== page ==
• #7
              Love it

              Originally posted by mcogilvie View Post
              Sorry, it's a not very interesting rant. In my experience, writings about religion (classifying Buddhism as a religion for the purpose of discussion) obey Sturgeon's law* just like writings about productivity do and every other sort of writing does. I could say that GTD appears to me to be congruent with certain attitudes and practices I find in many religious traditions, but so what? GTD also appears to me to be congruent with scientific practice as I know it too.

              * Sturgeon's law: "Ninety percent of everything is crud."
              I don't know about any of the rest of this, but I sure do like Sturgeon's law. It WILL be quoted before this week is up!

              Comment


              • #8
                Answer for you.

                Originally posted by Posseman View Post
                Right on, but what's that got do do with what I asked in my original posting?

                I'm trying to understand whether the oft-repeated linking of GTD and Zen started straight from David Allen himself or from other people.

                Care to stay on-topic?
                Answer for you: No, I've never heard David Allen talking about Zen.

                I hope this answer is on topic according to your standards.

                Comment


                • #9
                  I specifically recall David using the phrase "Zen-like" to describe something in at least one In Conversation. I will dig it out and present it to you.

                  Since is appears necessary to debate such stuff, exactly how many angels can dance on the head of a pin?

                  rdgeorge

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                  • #10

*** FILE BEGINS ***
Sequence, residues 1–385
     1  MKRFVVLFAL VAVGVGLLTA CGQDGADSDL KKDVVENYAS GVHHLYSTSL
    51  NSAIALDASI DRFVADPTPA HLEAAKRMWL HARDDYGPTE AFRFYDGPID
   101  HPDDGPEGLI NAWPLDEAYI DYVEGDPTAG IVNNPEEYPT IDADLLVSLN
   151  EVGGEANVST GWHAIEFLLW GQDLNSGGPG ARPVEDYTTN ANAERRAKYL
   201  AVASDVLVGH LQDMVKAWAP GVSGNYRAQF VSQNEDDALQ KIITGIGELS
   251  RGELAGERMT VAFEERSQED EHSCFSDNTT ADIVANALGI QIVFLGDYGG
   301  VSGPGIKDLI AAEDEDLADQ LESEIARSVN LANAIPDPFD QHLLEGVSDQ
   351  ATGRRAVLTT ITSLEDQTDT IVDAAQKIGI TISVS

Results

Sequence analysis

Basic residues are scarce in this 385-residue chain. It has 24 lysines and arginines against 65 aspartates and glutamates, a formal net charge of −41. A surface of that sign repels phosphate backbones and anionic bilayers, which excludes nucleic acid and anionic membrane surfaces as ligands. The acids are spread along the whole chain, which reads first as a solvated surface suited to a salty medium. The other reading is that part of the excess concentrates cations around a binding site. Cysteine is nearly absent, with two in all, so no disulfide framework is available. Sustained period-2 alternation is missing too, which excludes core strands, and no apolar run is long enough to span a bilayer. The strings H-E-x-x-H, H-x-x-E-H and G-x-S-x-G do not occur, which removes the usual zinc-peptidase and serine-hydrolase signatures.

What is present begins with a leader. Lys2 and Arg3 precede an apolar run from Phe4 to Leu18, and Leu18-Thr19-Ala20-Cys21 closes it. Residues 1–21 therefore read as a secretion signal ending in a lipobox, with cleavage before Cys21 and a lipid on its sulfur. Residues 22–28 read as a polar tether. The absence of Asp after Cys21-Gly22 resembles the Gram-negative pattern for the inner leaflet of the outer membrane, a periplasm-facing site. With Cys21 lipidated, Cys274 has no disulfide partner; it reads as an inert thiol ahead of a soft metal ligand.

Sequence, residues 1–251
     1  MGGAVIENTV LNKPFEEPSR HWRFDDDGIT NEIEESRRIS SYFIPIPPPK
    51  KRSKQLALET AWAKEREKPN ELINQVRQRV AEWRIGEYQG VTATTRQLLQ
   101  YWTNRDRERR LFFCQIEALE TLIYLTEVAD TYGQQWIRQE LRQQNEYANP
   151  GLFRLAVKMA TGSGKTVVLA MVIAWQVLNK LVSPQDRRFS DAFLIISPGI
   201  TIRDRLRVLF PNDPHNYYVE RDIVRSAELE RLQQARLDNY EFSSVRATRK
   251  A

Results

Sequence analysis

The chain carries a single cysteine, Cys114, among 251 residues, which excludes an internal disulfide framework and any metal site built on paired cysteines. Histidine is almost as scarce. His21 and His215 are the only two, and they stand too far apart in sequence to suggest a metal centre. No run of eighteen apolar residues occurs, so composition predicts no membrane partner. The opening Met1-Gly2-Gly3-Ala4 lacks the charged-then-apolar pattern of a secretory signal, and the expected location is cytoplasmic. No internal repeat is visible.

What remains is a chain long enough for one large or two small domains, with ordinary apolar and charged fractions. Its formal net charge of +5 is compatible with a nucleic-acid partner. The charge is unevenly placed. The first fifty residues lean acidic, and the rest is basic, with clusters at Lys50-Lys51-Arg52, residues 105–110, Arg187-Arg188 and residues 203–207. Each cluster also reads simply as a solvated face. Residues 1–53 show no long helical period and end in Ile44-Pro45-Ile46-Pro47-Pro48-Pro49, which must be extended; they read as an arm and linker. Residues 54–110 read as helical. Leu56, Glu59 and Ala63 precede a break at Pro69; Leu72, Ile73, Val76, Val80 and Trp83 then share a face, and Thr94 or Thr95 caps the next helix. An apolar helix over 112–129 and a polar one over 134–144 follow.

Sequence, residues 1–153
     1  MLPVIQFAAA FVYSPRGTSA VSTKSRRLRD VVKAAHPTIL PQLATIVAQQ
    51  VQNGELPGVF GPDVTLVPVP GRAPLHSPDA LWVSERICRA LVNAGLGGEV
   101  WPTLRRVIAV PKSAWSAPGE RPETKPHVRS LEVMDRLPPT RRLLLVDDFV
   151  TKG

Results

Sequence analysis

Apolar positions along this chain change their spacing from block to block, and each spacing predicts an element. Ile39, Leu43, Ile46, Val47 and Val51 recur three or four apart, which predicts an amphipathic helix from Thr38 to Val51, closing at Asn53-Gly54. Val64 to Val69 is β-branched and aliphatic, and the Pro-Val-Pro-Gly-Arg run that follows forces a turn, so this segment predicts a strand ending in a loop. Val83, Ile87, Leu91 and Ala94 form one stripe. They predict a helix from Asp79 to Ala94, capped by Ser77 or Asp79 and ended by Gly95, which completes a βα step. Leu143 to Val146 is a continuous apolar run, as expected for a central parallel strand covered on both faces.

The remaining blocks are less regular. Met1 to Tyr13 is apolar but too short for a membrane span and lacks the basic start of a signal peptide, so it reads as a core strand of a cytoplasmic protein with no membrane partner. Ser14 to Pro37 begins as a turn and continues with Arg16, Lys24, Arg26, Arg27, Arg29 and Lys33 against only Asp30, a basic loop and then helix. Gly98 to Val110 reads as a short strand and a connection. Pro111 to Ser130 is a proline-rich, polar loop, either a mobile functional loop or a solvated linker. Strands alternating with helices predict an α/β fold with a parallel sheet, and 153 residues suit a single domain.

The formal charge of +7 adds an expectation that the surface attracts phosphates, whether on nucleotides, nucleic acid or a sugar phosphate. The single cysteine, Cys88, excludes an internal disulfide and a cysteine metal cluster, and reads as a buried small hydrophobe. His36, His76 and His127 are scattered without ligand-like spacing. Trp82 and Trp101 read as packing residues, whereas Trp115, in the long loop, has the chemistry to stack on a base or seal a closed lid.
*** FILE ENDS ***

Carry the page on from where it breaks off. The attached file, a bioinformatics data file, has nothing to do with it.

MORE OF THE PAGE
In the most recent In Conversation interview with Ben, the British chap, David referred to the experience of a hard drive crash as a Zen learning experience.

                    In GTD Times, see the article "Zen and the Art of Task Management, by a Swiss gentlemen.

                    rdgeorge

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                    • #11
                      The phrase David uses to describe GTD is "Mind Like Water," based on his many years of karate training. It refers to a perfect state of readiness, that will not over or under react. I do not recall David swappping in "Zen" interchangeably with Mind Like Water.

                      The Zen article on the GTD Times website is a community contribution, not authored by DavidCo staff.

                      Comment


                      • #12
                        I think he used to .. a long time ago .

                        For some odd reason I seem to recall David using the term in the old old Managing Actions and Projects Cassette Seminar that was published. [that was around 99-2000] before the book was even published .

                        I think he might have used it at a fast company seminar around the same time , also prior to the book .

                        I agree with what was said before , there's so much zen stuff out there anymore .....
                        Zen running, zen guitar, the tao of dating etc etc .